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Date: 2002-05-23 (20:52)
From: Sven Luther <luther@l...>
Subject: Re: [Caml-list] OCaml packaging problems
On Fri, May 17, 2002 at 11:31:37PM +0400, Vitaly Lugovsky wrote:
> On Fri, 17 May 2002, Sven Luther wrote:
> > >  In general, it's not a good idea to allow packages to modify 
> > > file (not claimed as 'configuration' file) belonging to the other package.
> > > It's an installation sequence problem (it's not specified when you're
> > > installing a lot of packages in one time), it's a security problem
> > > (some may want to have a partical ownership/rights for such a file,
> > > which will be broken by that %post and %preun scripts). And, at last,
> > > it's not a modular approach. It's not a good idea to mix a configuration
> > > and a cache.
> > 
> > Mmm, will look into it, so you are saying to me that there could be
> > problem when multiple users are running ocaml-ldconf at the same time ? 
>  No. First problem is that package could be installed BEFORE the package

This should not be hapenning, it probably is a bug in your package
handler. Not sure though.

What can happen is that both package are installed first, and then only
configured, altough this late one will probably still be done in the
dependency order.

> it depends on, and, so, the file will not be updated. I don't know
> is it apt-rpm bug or a general rpm feature, but I've noticed this behavior
> a few times. And another one problem is that update script must be started
> by the configuration file owner, which is a potential security hole.

Well, it mostly is run by root, and so i guess this is a problem when
you don't trust the packager. This is where debian's large web of truce
and big number of packaged programs help a lot :)))

> > I don't really think that is so, but i will look more into it.
>  And, sure, there could be some problems with blocking. But I did not
> considered this yet.

Mmm, ...

> > 1) for package installs, dpkg ensures that only one dpkg is running at
> > any time and that there is only one package being configured at the same
> > time.
>  And the same for rpm. But we may have a local packages as well, installed
> without packaging system. It's a pain with only one global configuration
> file.

Well, not really, since upto now, they were handled in a separate file
(/etc/ocaml/ld.conf) and even if you install them at the same time as
you upgrade the system, it will only be broken until you next upgrade
an ocaml package (and even then, its your own fault for messing things
> > 2) you need to be root to run ocaml-ldconf, so i think, security wise,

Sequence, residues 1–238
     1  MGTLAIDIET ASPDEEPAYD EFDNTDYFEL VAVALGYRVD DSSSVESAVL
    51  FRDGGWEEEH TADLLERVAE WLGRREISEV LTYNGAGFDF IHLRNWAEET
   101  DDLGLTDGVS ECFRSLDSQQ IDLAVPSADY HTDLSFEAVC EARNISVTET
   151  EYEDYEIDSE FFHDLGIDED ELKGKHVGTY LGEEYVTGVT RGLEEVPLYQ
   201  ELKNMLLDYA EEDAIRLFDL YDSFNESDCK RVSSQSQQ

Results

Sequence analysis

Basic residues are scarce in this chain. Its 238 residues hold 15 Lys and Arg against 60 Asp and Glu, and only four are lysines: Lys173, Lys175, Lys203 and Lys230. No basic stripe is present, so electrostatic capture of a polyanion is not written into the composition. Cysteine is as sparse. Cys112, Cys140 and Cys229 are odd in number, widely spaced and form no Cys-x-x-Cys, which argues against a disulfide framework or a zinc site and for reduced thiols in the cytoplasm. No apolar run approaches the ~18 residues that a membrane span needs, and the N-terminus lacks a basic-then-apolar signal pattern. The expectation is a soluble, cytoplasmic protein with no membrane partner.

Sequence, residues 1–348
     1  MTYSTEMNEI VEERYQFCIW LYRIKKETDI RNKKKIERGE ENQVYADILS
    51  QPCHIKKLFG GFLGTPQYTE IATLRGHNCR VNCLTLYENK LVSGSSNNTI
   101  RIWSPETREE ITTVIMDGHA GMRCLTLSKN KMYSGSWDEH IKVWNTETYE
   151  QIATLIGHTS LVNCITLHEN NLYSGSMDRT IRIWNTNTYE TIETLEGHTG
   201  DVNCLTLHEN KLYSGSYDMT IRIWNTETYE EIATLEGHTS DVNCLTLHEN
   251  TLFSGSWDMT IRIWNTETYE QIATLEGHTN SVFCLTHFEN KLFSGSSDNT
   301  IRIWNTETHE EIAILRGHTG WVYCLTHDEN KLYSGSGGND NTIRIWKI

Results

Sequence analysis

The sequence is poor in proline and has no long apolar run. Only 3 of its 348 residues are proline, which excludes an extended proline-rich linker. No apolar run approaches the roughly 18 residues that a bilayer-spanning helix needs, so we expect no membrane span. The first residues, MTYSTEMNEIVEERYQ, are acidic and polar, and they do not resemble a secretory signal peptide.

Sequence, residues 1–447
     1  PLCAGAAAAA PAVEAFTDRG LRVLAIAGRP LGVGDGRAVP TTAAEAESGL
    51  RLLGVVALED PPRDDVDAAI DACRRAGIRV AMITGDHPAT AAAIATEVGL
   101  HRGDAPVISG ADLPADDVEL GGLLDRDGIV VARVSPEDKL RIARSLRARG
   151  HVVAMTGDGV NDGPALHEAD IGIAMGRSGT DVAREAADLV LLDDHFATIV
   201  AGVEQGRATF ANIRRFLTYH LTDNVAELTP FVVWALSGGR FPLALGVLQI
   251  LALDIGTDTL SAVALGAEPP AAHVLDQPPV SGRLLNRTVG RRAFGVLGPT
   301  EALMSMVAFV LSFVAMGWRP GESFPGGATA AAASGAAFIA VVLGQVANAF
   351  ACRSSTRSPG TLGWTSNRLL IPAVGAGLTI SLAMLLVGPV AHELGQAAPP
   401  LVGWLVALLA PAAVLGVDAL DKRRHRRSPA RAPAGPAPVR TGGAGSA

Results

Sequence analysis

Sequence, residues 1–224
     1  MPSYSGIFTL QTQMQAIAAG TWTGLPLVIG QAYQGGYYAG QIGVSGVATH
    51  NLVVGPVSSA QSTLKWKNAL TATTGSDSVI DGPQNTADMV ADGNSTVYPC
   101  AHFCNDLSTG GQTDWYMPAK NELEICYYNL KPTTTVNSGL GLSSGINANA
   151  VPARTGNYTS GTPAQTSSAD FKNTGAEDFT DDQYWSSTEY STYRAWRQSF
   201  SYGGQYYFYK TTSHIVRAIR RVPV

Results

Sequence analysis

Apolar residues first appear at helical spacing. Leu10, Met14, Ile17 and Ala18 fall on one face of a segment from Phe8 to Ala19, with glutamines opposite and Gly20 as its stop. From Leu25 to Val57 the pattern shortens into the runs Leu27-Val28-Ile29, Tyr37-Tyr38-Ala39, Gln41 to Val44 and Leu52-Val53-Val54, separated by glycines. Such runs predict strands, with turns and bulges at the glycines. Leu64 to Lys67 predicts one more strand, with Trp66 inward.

> > there are a lot more thing to worry about if it is not you that have
> > control on things, and if you do, i suppose you would not install two
> > libraries at the same time ?
>  Sure. But we have only one configuration file, not a list of files with
> different permissions and priorities. And so, localy installed libraries

Mmm, we have two for debian, /etc/ocaml/ld.conf for the locally
installed files, and /var/lib/ocaml/ld.conf for the dpkg handled ones.
The first one will never be touched by ocmal-ldconf, and so there is no
big risk about it.

The only problem i have right now, is that locally installed files want
to write to /usr/lib/ocaml/ld.conf, which is overwritten by a next run
to ocaml-ldconf, i will be changing this in the next release of an ocaml
debian package. There are two ways of doing this, making
/usr/lib/ocaml/ld.conf readonly, so people running local installs will
read it, and patching ocaml so it uses a /usr/lib/ocaml/debina_ld.conf
or something such, and have /usr/lib/ocaml/ld.conf be a symlink to
/etc/ocaml/ld.conf (which is a much more appropriate choice for this
kind of thing, and policy compliant to boost. It would be nice if ocaml
3.05 would allow an easy configuration of the position of this file, as
well as a option to ocaml that give this path back, in order for install
systems to cope with non standard places.

> goes there as well. And, again, we must install the package owning that
> configuration file while we only want to use some applications and runtime
> libraries used by them, which is not a good approach.

Yes, maybe it would be ok to consider ta ~/.ocaml/ld.conf file ?

> > But then, maybe i am not understanding you right, or you are speaking
> > about a user modifiable config file ?
>  Since we have only one config file, without local and per-user modules,

Yes, i understand, we have two, so the problem is not so big, altough
there are other problems, like the ones mentioned above, and the fact
that you have to run ocaml-ldconf after modifying the local ld.conf
databas (like it is done for the C /etc/ld.conf). If ocaml-ldconf was
part of the upstream ocaml, it would make things easier.

> this one should be user-modifiable. Or we have to invent a more modular
> and secure approach. As well as I'm dreaming about having alternative
> locations of texmf tree with their own ls-R configs.

Mmm, my understanding was that users should use some other kind of trick
for playing with dlls, not the ld.conf ones, especially if he is not
root, unless it is a local ocaml install that is.